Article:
Keyhole Pattern. The keyhole pattern was a popular design during the 18th century and was often used in silverware. The pattern’s name comes from the shape of the aperture at the terminal, which resembles a keyhole. A style of pierced pattern can be seen on the flat, horizontal handle of some porringers. It typically consists of four to ten additional holes, with the terminal hole resembling a keyhole.
Around 1730, it replaced the so-called “geometric pattern,” which featured apertures of different shapes, some of which were open on the sides. A pattern of pierced work is found on the flat horizontal handle of some porringers, having at the terminal an aperture suggestive of the form of a keyhole with, usually, four to ten other apertures. It superseded c. 1730, the so-called ‘geometric pattern’, which included apertures of various shapes, some open at the sides.
Textiles and Ceramics
It was a popular design during the 18th century when ornate and intricate patterns were in vogue. The pattern was created by repeating a series of interlocking shapes that formed a continuous design. This pattern was particularly popular in England and France and used to decorate everything from furniture to clothing.
Today, the keyhole pattern remains a classic design that has stood the test of time. It continues to be used in modern designs, albeit with some modifications to suit contemporary tastes. Its enduring popularity is a testament to its timeless beauty and versatility as a design element.
Newman, H. (2000). An illustrated dictionary of silverware: 2,373 entries relating to British and North American wares, decorative techniques and styles, and leading designers and makers, principally from c.1500 to the present. Thames & Hudson.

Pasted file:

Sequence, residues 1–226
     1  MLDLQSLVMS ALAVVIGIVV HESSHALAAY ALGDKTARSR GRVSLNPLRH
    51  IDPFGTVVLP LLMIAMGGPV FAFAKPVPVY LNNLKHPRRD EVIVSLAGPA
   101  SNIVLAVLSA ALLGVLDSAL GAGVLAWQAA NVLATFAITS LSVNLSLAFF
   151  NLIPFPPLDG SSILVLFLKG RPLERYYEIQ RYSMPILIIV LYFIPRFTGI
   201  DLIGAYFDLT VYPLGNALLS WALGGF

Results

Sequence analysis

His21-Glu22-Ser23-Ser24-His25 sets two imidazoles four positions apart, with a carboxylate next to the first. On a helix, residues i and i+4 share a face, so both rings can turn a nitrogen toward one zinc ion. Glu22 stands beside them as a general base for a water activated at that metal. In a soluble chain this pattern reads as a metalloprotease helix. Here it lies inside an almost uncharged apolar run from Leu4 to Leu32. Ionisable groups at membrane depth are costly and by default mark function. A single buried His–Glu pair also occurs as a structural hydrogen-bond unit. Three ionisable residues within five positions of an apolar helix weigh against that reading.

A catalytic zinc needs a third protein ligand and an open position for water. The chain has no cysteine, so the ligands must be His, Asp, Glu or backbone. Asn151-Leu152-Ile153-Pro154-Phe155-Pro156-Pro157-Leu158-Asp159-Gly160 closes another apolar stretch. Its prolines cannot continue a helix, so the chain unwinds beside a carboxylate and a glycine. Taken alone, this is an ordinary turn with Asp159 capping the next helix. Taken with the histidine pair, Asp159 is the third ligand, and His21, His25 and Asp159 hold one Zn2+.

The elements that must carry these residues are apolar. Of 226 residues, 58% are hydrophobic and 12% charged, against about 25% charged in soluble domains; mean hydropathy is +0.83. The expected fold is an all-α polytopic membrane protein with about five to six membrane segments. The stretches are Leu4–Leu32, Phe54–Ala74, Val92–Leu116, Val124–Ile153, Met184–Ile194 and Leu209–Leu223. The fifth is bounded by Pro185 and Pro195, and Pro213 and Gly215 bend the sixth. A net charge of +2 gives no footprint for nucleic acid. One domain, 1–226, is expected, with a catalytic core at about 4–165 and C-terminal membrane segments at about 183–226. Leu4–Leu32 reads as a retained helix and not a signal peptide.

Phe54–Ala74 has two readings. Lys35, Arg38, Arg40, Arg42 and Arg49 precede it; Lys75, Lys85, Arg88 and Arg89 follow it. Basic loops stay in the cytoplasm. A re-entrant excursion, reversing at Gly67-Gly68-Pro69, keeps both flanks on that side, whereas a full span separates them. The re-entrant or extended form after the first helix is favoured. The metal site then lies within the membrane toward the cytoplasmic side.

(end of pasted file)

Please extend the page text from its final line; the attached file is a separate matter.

Additional Reading – Silverware
Dolan, M. (1993). 1830s-1990’s American Sterling Silver Flatware: A Collector’s Identification & Value Guide. United States: Books Americana. https://amzn.to/3mYhbWW
Haslam, M., & Haslam, M. (1995). Marks & Monograms: The Decorative Arts, 1880-1960. Collins & Brown.
Helliwell, S. (1988). Collecting Small Silverware. United Kingdom: Phaidon-Christie’s. https://amzn.to/3TnVSdA
Krekel-Aalberse, A. (1989). Art Nouveau and Art Deco silver. Abrams.
Langford, J. (1998). Silver: A Practical Guide to Collecting Silverware and Identifying Hallmarks. Australia: Sandstone Books. https://amzn.to/3LytDqD
Newman, H. (1987). An illustrated dictionary of silverware: 2,373 entries relating to British and North American wares, decorative techniques and styles, and leading designers and makers, principally from c.1500 to the present. United Kingdom: Thames and Hudson. https://amzn.to/40jlY3p
Rainwater, D. T., Fuller, M., & Fuller, C. (2004). Encyclopedia of American Silver Manufacturers. Schiffer Pub.
Rinker, H. L. (1997). Silverware of the 20th Century: The Top 250 Patterns. United States: House of Collectibles. https://amzn.to/3JLVUsu